Power, Gender, and Social Change in Africa
Gender plays a hugely significant and too often under-considered role in predicting how accessible resources such as education, wage-based employment, physical and mental health care, adequate nutrition and housing will be to an individual or community.
According to a 2001 World Bank report titled Engendering Developmentā "Through Gender Equality in Rights, Resources, and Voice, enormous disparities exist between men and women in terms of basic rights and the power to determine the future, both in Africa and around the globe. A better understanding of the links between gender, public policy and development outcomes would allow for more effective policy formulation and implementation at many levels. This book, through its discussion of the challenges, achievements and lessons learned in efforts to attain gender equality, sheds light on these important issues.
The book contains chapters from an interdisciplinary group of scholars, including sociologists, economists, political scientists, scholars of law, anthropologists, historians and others. The work includes analysis of strategic gender initiatives, case studies, research, and policies as well as conceptual and theoretical pieces.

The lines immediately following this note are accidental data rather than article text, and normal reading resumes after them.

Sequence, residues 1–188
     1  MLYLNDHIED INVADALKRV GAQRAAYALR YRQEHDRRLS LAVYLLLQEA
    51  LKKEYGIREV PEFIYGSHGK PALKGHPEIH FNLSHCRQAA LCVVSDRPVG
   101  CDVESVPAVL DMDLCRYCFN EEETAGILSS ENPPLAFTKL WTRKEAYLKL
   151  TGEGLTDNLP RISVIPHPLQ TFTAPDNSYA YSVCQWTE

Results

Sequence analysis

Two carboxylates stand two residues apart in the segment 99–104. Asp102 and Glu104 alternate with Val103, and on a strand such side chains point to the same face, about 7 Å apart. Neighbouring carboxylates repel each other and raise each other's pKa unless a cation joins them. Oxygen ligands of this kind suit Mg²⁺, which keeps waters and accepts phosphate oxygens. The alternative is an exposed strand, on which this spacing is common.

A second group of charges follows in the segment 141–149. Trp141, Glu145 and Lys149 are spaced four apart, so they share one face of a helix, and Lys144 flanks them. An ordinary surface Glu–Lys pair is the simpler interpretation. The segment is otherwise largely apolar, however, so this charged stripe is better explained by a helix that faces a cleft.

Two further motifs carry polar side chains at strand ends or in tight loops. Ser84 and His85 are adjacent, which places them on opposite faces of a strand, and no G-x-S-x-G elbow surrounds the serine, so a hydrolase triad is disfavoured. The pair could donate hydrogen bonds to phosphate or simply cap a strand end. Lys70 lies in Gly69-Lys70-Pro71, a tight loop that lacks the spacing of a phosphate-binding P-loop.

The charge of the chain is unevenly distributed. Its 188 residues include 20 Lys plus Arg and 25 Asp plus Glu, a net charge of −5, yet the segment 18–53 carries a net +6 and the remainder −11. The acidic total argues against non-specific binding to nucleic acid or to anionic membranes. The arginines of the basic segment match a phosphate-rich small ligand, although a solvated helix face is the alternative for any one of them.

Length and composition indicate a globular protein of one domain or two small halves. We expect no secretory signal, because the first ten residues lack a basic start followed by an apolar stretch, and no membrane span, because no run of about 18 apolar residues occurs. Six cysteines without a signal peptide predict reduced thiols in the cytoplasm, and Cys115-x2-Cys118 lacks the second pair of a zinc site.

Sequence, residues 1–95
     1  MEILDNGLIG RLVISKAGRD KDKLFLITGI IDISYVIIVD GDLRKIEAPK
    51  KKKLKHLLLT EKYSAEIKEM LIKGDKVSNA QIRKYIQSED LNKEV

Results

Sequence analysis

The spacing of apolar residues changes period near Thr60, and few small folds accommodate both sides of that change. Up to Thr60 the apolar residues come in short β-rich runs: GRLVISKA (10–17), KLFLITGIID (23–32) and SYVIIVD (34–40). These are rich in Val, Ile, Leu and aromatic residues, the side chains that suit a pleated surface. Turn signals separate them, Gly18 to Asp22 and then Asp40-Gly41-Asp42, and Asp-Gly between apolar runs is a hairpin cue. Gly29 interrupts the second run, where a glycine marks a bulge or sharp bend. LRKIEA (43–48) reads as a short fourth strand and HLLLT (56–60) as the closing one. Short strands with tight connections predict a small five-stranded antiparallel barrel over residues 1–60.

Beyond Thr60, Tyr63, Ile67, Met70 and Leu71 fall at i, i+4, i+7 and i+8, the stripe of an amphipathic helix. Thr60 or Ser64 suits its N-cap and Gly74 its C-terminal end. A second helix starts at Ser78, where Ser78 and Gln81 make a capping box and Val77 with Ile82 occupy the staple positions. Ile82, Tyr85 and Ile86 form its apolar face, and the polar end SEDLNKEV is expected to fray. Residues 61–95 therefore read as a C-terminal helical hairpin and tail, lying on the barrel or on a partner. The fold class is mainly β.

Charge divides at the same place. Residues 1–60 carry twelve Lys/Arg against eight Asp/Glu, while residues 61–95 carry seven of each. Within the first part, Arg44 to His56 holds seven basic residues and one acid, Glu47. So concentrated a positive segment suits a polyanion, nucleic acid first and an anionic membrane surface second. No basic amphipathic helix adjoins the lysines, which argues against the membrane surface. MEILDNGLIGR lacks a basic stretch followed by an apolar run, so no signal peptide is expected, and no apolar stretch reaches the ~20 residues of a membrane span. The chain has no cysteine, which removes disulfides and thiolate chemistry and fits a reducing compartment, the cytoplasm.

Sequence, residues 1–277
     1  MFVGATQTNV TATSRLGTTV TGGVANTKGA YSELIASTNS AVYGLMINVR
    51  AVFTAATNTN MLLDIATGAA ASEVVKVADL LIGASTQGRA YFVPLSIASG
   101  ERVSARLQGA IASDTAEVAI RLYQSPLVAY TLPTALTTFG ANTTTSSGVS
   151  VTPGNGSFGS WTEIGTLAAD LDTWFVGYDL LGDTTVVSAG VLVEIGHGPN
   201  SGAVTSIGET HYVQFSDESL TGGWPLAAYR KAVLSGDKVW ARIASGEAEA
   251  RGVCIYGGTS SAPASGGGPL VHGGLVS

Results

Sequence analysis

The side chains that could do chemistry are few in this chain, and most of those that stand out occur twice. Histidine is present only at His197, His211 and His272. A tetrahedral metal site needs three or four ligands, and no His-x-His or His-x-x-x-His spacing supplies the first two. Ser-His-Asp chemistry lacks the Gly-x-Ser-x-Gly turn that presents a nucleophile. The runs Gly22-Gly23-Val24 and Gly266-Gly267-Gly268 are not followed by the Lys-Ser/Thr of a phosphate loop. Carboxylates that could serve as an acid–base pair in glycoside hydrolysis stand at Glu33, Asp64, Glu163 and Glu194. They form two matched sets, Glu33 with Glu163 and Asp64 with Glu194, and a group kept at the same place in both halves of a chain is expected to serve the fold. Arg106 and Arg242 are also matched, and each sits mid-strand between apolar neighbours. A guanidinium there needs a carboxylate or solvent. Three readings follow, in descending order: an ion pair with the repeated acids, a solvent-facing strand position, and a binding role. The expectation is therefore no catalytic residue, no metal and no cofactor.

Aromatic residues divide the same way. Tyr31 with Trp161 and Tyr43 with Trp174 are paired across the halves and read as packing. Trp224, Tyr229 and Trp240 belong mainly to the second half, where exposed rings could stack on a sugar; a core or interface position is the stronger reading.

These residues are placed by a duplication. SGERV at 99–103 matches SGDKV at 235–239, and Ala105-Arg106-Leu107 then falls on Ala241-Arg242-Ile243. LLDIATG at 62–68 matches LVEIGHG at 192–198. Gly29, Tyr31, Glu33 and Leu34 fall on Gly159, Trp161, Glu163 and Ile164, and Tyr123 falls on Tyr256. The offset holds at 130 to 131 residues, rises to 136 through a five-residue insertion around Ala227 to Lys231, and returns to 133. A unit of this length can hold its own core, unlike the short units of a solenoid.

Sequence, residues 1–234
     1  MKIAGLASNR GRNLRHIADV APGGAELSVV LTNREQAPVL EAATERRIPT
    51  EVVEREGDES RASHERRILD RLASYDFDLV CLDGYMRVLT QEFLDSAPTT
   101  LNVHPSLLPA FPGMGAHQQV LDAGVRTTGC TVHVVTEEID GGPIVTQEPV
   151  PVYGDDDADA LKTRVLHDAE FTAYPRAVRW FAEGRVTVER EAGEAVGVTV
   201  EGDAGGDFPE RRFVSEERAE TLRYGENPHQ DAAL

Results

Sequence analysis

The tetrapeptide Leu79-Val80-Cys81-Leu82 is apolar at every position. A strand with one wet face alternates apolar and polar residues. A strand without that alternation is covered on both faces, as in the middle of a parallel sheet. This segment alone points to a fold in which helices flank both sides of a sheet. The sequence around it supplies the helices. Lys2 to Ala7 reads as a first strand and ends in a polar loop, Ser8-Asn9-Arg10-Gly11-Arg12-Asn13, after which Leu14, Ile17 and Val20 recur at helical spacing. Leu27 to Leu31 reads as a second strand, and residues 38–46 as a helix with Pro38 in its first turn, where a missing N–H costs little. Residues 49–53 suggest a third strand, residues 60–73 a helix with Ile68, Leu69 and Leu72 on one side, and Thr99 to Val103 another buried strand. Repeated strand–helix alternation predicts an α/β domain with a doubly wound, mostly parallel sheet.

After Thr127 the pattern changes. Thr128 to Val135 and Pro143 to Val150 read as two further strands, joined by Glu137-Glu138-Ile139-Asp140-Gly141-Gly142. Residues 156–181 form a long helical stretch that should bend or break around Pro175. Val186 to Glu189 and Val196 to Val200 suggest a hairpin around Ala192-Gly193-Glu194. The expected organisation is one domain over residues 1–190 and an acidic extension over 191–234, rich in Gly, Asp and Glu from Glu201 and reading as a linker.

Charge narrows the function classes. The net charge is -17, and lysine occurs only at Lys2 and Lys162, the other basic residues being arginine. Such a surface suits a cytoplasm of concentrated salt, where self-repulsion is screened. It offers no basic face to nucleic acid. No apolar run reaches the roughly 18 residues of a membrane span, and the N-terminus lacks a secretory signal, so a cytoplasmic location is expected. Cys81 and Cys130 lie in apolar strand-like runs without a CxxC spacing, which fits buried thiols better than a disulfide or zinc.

With its format of ideas, resources and recorded experiences as well as theoretical models and best practices, the book is an important contribution to academic and political discourse on the intricate links between gender, power, and social change in Africa and around the world.
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From its inception in 1984 on the eve of a the UN Conference on Women in Nairobi , DAWN employed a feminist political economy perspective in examining the position of women in the Global South . It rejected the neo - liberal approach to ...
Unfortunately this measure was not available for Malawi in the Human Development Report due to the lack of data concerning women who are in administrative and managerial positions and professional and technical ranks .
Although the liberal and conservative perspectives form the dominant views in matters related to female schooling and Islamic interpretations of human rights , some scholars can be viewed as taking an intermediate position .
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Powerful Mothers and Equal Rights
The Economic Roots of African Womens Political Participation
Activisim Scholarship and Gender
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